Empathy researcher Esther Kühn commutes back and forth between the Leipzig-based Max Planck Institute for Human Cognitive and Brain Sciences and University College London. She finds this cooperation to be extremely fruitful.
Anyone who occasionally lands at a bustling airport like London’s Heathrow knows how much the modern world connects us to people - or at least it seems that way. Business travelers rush to meetings - they stumble, jostle each other and apologize. Grandparents who have traveled from far away carry grandchildren in their arms. Lovers wait for a special someone who will soon walk through this sliding door, and who, perhaps, was away for too long.
But how do people actually form these connections with each other? Which regions of our brain are active in this process, and how? This question has a long tradition in empathy research, and it has been my companion for some time. To be precise, I’m particularly interested in a tiny sub-aspect: What happens in the brain when a person is touched? And what happens when that person merely observes another person being touched?
To answer these questions, I went in search of suitable connections with other researchers. The right device, a magnetic resonance scanner, is already available at the Max Planck Institute in Leipzig, as are the right subjects. While they lay in the MRI tube, I stroked their fingers with a paintbrush - or they watched films of the same movement being carried out on another person. But this experiment generated huge quantities of data, and accurately interpreting this data is a great challenge.
Fortunately, during an initial term as a visiting researcher in England, I met my colleague Patrick Haggart from University College London. Then when I was in Leipzig and occasionally got stuck, we discussed it over Skype, sometimes even outside of working hours. And together we considered how best to handle my data. At some point, he said: "Wouldn’t you be able to answer your questions better if you used my colleague Martin Sereno’s program here in London?"
Of course! And since then, I spend a couple of months each year in the British capital. Now one might think that, in London, I need little more than a computer and a full coffee cup, but that’s not quite right. I sit in my office together with Martin, who is known as Marty, and I draw a lot of inspiration from speaking directly with him. It’s a great advantage! After all, he’s a renowned neuroscientist, and the program we work with is his "baby."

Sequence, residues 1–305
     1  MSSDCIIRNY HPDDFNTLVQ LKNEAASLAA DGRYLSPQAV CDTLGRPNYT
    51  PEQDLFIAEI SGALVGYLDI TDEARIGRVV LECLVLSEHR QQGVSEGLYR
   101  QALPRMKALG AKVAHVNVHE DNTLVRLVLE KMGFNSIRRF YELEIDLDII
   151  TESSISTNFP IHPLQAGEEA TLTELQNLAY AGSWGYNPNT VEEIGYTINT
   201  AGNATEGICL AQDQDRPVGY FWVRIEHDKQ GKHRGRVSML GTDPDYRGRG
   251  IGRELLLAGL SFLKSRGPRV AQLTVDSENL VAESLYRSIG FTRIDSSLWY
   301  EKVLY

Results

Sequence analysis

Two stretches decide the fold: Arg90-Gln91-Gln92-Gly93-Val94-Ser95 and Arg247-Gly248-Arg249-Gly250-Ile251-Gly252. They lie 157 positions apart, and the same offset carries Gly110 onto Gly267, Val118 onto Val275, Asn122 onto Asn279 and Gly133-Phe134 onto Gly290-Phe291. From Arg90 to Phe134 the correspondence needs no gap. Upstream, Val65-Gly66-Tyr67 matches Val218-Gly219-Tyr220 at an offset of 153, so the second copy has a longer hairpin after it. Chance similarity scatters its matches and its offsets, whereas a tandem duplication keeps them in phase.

I have since even come up with new ideas that have nothing at all to do with my original project. That’s a tremendous advantage for a junior scientist. It’s also a huge boon for me that my colleague has just as much energy and enthusiasm for my project and spends so much time on it before speeding home on his racing bike in the evening through the rather bicycle-unfriendly streets of central London. For me, it’s then time to go to Pilates, or to my sword-combat class. After all, who wants to spend all day in front of the computer monitor?
I’ve now spent a total of just over a year in London. And even though, as a native of Leipzig, I consider myself to be spoiled in terms of cultural offerings, London is an incredible step up. The city offers me every opportunity, and sometimes I’m almost overwhelmed by the cultural choices available. Just recently, I again attended a number of concerts and a classical ballet performance. Nevertheless, it really did take me quite a while to find my place here. London is a logistical challenge, and it’s changing so fast. As an example, even today, I can’t estimate how long I’ll need for any given route - I’m simply always late.
When I arrive back at Leipzig/Halle Airport after my adventures in London, everything feels much smaller. I’d say, compared with London, Leipzig is my living room. My home. But I’ve changed, and I’m full of new ideas. And even if my future research location hasn’t yet been entirely decided, I’m sure of one thing: my future in science has begun.